Now imagine if that were focusing into a more defined area.

Now here’s what a square crop of that idea looks like. It’s interesting in that it adheres to what the photographer is trying to accomplish but it also is focusing in on a more minute detail. This harkens back to the idea of finding the abstracts around you in everyday life. This was only possible with a square crop from the original 4:3 imaging area shot. Sometimes it’s easy to find a different sort of crop within a larger frame that works.

If that’s too tight for you, then maybe a 16:9 crop can work. This crop works for the same reasons that the square did but includes more shades, tones and patterns. It looks incredibly seamless and adds more balance to the entire scene.


In big cities, it can be difficult to not find patterns. Consider the following: many buildings in any given neighborhood are designed to look and feel the same due to the fact that it creates a sense of uniformity in a neighborhood within a city. So with that said, it can be tough to not find patterns or similarity. Lots of pre-war apartment buildings look the same if they were targeted to one social class vs the other. By studying the individual areas and pieces of these buildings, you’re going to find patterns. Similarly, if you look at larger, all glass buildings, then you’re bound to find patterns.

Let’s take a look at an example:

When looking at the building above, one can see that there are clear patterns. Let’s identify them:

  • The textures
  • The tones
  • The colors
  • The placement and distance of the windows

Now that you’ve identified them, we can find a way to focus on a specific section of the building.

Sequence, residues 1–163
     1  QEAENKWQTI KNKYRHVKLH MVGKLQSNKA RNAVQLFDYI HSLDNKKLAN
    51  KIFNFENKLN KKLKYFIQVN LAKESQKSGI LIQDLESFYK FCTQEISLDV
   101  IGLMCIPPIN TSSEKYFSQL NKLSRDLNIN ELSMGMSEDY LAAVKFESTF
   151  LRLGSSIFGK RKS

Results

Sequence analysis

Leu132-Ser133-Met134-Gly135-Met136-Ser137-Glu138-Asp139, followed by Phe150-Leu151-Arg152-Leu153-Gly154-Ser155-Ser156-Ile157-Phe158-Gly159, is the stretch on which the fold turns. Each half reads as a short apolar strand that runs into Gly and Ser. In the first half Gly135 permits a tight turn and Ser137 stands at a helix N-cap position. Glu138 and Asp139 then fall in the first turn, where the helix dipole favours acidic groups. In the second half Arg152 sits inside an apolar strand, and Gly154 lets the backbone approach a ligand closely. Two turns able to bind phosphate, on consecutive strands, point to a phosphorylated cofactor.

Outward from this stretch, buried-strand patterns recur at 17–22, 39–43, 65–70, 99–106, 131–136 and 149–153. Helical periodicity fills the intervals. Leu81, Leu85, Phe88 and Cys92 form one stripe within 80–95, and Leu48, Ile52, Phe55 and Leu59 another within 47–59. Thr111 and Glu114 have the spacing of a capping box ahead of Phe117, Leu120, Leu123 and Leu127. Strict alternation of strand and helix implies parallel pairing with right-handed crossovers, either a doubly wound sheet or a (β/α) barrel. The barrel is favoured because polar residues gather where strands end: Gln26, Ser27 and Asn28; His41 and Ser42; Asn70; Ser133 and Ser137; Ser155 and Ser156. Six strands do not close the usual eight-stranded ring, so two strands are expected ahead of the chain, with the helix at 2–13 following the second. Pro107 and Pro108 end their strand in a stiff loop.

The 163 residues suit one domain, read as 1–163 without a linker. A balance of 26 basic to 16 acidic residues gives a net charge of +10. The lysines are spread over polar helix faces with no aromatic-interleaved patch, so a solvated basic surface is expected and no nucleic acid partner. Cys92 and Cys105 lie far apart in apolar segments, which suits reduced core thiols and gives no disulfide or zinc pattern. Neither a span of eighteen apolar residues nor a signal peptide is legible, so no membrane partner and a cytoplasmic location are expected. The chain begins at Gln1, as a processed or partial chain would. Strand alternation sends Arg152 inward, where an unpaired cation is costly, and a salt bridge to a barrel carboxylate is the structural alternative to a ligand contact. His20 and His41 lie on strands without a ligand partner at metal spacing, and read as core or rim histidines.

This image was created using a 16:10 crop then working with the highlights, shadows, blacks, whites, contrast and clarity. It’s far different from what you may have been looking at, but part of the magic of Urban Geometry comes out in post.

It’s all about Contrast, Light, UpRight tool and Tones

Urban geometry has a whole lot to do with the editing process. With that said, photographers should look out for the contrast, tones, and lighting. To start, consider the ROYGBIV spectrum. The theories behind the spectrum state that colors on either end clash with one another. For example, Red and Blue are on total ends of the spectrum; so in terms of color coordination they contrast a whole lot. To that end, reds and blues will clash and create contrast within a scene.

But hold on, that’s not totally true. If they’re pastel shades of red and blue, then they’re going to contrast a whole lot less because they’re both lighter in color and mixed in with white. On the other hand, a darker red will create a whole lot more contrast with a lighter blue. Here are some questions to ask yourself:

  • Where is the color on the RGB Spectrum?
  • Where is the main color in relation to Green?
  • What is the clashing color?
  • Where is the clashing color in relation to my main color?
  • What shades are the main color and the clashing color? That is, how dark are they?
  • Which is darker?
  • Is there a stark contrast between the dark and light?

The ultimate combination is finding a clash between darks and lights. In Black and white photography, that’s what it’s all about. Otherwise, it can be very difficult to tell a light, seafoam green apart from a shade of tickle me pink.

Additionally, in Urban Geometry the Adobe Lightroom Upright tool can be very useful. It will work to make your lines and straight and geometric as possible.

Now get out there and shoot!